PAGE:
Weekly Digital Digest

Highlighted below are some of this week’s emerging trends and insights. As trends emerge and change, you will see that the topics covered each week may also vary. United States Channel Insights Search

  • New Bing Ads Interface Begins Rolling Out
    • The focus of the new design is to make data visualization and help customers be more efficient, said Jamie Chung a Program Manager with the Bing Ads UI team by phone last week.
    • The new interface will have areas for users to be able to communicate directly with engineers.
    • Also new in the interface, the Accounts & Billing tab will now be found under the gear icon in the upper right, and Bing’s tools that had been tough to locate are now consolidated under Tools in the primary navigation.
  • Twitter Buys Image Search Company Madbits
    • Madbits had taken to their LinkedIn page to share that they are “primarily interested in the task of image search, and the creation of intelligent, dynamic image sets, to automatically organize large databases of images.
    • It appears that Twitter has been slowly adding image features to their arsenal, including people-tagging, multiple photos per tweet, and animated GIFs.
  • Google Rolls Out Publisher Center to Improve News Discovery
    • The Center allows the publishers of news sites to make changes to Google’s record of those sites. This, in turn, helps ensure the sites’ information remains up to date.
    • By using the News Publisher Center, publishers will be able to: update news site details, such as site names and relevant source labels like blog, satire or opinion; update section URLs when the site changes structure; and label sections with specific topics.
    • In order to use Google’s News Publisher Center, a publisher must first verify his or her ownership of the site, review and update the site details and review and update the site’s news section URLs and labels.


  • The New Foursquare is Here
    • Foursquare scaled-down version of its once-popular “check in” application, and the new app has a location-incentive focus that aims to draw local advertisers.
    • Though discounts based on location is not a new concept, Foursquare has an advertising advantage over competitors like Yelp because of its large database of user-generated places.
    • It uses these preferences — along with your check-in history, its own restaurant ratings and data from your Foursquare friends — to surface recommendations just for you. The more you use Foursquare, the smarter these recs will get, the company claims.
  • Twitter May Be Close to Unveiling a Native Shopping Service
    • Several users recently reported seeing a new “payments and shipping” option in the settings of Twitter’s Android app.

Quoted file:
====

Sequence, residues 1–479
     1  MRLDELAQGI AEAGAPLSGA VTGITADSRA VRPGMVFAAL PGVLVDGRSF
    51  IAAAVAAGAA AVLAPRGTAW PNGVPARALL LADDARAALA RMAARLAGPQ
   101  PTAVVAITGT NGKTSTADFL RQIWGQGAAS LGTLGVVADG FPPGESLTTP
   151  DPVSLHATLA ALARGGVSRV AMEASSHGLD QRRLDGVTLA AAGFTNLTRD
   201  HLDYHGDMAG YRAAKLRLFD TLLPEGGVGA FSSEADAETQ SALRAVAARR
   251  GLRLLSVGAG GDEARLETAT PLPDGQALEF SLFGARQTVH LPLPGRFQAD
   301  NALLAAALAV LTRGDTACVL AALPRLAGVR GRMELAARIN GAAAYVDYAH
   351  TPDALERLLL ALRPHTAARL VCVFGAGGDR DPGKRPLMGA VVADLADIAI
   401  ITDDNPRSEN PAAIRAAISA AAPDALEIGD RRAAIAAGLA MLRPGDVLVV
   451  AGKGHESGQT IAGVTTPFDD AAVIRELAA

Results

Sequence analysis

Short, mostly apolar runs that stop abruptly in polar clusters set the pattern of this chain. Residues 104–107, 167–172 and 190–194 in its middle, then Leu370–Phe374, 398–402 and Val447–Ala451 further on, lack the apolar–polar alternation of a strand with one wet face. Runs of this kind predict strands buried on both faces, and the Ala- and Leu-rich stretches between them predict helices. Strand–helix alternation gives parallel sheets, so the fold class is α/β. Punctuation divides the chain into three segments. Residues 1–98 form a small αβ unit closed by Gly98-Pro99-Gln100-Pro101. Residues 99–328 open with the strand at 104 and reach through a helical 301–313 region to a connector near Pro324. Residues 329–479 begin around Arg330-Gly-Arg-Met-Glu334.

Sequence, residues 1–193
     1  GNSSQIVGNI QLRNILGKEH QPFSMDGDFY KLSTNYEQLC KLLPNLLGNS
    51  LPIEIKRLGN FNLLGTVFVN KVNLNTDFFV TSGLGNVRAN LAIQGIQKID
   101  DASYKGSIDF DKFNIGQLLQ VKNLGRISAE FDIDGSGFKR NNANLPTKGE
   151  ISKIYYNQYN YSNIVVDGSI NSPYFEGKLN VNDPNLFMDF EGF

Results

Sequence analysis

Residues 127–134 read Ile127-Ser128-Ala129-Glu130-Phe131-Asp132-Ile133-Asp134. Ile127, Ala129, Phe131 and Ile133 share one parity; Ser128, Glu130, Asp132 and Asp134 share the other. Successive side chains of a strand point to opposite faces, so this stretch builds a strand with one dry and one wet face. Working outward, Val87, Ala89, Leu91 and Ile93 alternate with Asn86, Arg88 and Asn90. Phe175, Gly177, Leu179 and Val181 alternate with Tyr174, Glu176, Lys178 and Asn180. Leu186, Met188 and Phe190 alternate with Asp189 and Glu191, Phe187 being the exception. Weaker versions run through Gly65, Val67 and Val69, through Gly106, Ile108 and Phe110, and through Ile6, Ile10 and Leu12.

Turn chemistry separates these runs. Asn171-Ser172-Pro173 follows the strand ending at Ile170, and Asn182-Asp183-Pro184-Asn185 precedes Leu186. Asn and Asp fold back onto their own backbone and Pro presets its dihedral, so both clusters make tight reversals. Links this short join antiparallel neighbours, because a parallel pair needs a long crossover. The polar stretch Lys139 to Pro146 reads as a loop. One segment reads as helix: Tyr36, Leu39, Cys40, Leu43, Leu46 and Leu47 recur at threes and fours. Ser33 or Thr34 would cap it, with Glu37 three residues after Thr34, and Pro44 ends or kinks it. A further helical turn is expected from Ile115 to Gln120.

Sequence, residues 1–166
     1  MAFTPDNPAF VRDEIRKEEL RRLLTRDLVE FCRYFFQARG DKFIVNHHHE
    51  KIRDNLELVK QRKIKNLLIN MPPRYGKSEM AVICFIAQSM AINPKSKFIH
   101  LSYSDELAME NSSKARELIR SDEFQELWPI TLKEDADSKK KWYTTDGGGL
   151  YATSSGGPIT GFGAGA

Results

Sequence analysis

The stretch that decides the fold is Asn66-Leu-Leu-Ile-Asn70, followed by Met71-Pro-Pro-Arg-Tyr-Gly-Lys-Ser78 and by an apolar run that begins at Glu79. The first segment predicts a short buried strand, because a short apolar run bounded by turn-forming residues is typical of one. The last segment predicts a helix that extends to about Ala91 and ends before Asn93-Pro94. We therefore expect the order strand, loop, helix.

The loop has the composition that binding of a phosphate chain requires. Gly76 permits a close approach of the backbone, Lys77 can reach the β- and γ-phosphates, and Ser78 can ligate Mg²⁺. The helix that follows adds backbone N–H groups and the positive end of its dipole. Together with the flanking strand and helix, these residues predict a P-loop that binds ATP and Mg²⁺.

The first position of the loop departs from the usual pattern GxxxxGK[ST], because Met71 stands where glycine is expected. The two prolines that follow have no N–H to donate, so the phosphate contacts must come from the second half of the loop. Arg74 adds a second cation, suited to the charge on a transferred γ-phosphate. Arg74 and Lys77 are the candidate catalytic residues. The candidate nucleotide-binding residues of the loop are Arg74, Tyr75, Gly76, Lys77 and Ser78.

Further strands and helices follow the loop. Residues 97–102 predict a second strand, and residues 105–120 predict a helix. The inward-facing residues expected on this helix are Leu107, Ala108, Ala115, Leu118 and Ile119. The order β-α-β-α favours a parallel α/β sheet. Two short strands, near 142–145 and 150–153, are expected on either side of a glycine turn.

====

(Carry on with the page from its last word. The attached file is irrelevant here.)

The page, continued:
• However, the option isn’t yet functional, as users who have spotted it said it doesn’t actually do anything. “Payments and shipping” could be a feature that Twitter is trying out; the social network often tests new features with small numbers of users before a larger rollout.
    • But whether it’s just a test or not, this is the latest in a series of moves that suggests Twitter may soon be launching a native shopping platform.


  • Mobile marketing platform Swrve gets a new tool — iBeacons
    • Using technology announced by Apple last summer, iBeacons are Bluetooth Low Energy-based transmitters in physical stores that direct location-based messaging to nearby iOS or Android mobile devices.
    • Special offers, shopping reminders, digital articles relating to the event you’re attending, even ticketing — these are all possibilities for iBeacons.
    • This low-powered granularity represents a new frontier of micro-location targeting.
    • iBeacon-enhanced mobile campaigns can offer unique experiences that only happen at the intersection of you, your app, your history, and the specific spot where you’re standing in a particular Target store.
  • Walmart.com’s latest overhaul drives more personalized omnichannel experiences
    • Mobile is a key focus of Walmart.com’s latest significant overhaul, which caters to the needs of the on-the-go shopper with more personalized product recommendations, an easier transition from digital to bricks-and-mortar and a three-step, single-page checkout process.
    • The site was created for tablets first, with big tap buttons and swipe elements that make it easy for tablet users to search and shop with their fingertips.
    • Some of the changes are already live for nearly half of Walmart.com’s daily online shoppers and will be rolled out to all users soon.
    • Not only will the personalized content be more relevant but the site will deliver more content that is personalized to individual customers based on their shopping history than previously.

Thanks for your time! Planning & Strategy Team

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